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Helmet Law Works, Research Finds
By Charles Pekow
Mr. Pekow, a seasoned Washington journalist, provides Bikexchange.com with continuing coverage of national legislative news on bicycling issues.
A helmet law can do good. It prevents numerous head injuries, according to a study done by Northwestern University’s School of Engineering & Applied Science.
Since 1994, California
has required anyone 17 and under to wear a helmet while bicycling. Previous
studies have found that helmets save lives and prevent and reduce the impact of
injuries, but they focused on helmet usage, not laws. Northwestern chose California
for its study because in thee months of searching, the state Department of
Health Services was the only agency it could find willing to provide sizeable
appropriate data. Researchers delivered their findings at the recent annual
meeting of the Transportation Research Board in Washington,
“We don’t know much about helmet use and we tried to get around that limitation,” Northwestern professor Joseph Schofer related.
The study looked at all 44,069 hospital discharge cases from bicycle injuries in the state from 1991 through 2000 -- 13,717 before the law and 30,352 after it took effect. Researchers could compare data from three years without the law and seven years with it. And since the law doesn’t apply to adults, they became the control group. The injury rate among them didn’t change, certifying the results. The study also didn’t look at helmet usage or enforcement of the law, which calls for $25 fines for violators. (How many police or courts would slap a $25 ticket on a four year old?)
And sure enough, the percentage of traumatic brain injuries dropped by 18.2 percent among youth involved in accidents since the law took effect. The percentage of other head, face and neck injuries didn’t drop, however. Other injuries rose as a percentage by default. And the study didn’t count deaths, since they aren’t included in hospital discharge figures. Therefore, the report, called Bicycle Safety Helmet Legislation & Bicycle-Related Non-Fatal Injuries in California, concludes the injury reduction statistics “may, in fact, be conservative because most bicycle fatalities result from head trauma and the helmet legislation may have prevented some fatal injuries.”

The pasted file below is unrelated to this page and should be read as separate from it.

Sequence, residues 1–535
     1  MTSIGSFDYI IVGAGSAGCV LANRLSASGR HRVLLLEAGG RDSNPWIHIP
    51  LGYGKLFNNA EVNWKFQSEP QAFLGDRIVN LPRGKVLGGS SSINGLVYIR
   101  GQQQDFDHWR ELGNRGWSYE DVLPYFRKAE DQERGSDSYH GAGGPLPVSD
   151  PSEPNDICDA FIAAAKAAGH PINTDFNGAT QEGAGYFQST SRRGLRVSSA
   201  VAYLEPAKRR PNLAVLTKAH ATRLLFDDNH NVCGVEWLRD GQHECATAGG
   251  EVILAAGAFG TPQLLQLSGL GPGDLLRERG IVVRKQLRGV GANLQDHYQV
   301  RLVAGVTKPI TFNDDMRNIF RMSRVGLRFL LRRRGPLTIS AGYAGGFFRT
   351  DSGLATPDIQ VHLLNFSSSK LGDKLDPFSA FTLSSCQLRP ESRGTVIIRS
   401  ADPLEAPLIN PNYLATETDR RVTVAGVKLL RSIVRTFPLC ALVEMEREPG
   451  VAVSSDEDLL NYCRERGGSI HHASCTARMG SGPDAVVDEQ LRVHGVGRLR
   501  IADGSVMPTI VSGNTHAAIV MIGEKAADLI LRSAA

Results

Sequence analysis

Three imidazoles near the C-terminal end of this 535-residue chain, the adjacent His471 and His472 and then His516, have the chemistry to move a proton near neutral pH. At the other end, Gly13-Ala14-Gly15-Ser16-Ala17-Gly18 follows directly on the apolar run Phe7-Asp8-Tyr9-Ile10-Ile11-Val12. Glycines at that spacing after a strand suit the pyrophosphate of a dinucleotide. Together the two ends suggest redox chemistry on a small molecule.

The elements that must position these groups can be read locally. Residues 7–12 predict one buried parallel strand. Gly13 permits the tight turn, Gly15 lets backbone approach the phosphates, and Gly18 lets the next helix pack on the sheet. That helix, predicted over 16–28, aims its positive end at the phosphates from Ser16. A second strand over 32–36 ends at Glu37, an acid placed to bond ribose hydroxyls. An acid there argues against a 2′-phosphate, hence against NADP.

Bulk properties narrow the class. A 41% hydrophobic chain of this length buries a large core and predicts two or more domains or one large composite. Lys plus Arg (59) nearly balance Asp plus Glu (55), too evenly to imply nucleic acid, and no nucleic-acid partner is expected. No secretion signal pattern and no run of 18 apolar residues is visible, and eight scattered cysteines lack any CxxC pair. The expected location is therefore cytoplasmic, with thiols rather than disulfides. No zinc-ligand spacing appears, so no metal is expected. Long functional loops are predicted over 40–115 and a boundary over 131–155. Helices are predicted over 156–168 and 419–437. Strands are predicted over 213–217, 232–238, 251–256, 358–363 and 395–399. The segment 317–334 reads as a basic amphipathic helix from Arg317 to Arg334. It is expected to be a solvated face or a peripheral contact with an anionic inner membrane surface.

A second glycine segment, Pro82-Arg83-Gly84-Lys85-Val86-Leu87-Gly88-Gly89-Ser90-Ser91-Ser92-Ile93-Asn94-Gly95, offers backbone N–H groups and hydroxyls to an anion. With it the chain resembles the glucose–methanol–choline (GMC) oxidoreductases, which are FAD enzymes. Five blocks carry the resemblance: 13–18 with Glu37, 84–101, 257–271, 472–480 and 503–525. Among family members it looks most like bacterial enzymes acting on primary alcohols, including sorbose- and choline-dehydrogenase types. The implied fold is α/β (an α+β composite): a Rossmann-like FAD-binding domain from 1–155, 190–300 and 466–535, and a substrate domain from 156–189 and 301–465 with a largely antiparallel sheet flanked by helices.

The smaller the children, the larger the safety improvement. While children under nine suffered fewer brain injuries, those 14-17 didn’t. The authors surmise that “peer pressure was found to be an important factor for not wearing helmets (in previous studies) and it would be reasonable to assume that the older youth riders were subjected to more of it.” Schofer added “it could be parental influence on younger children. Parents can say ‘it’s the law.’”
And while the injury rate went down for whites, Asians and Hispanics, they didn’t for blacks and “others.” The report hypothesizes that “helmets are, on average, more of a financial burden for black and other racial groups.”
Finally, the injury drop occurred almost exclusively for boys – not girls. The study couldn’t explain why but suggested boys ride more and that increased helmet use would therefore prevent more injuries among them than among girls.
Children suffered fewer traumatic brain injuries regardless of whether the crash involved a motor vehicle.
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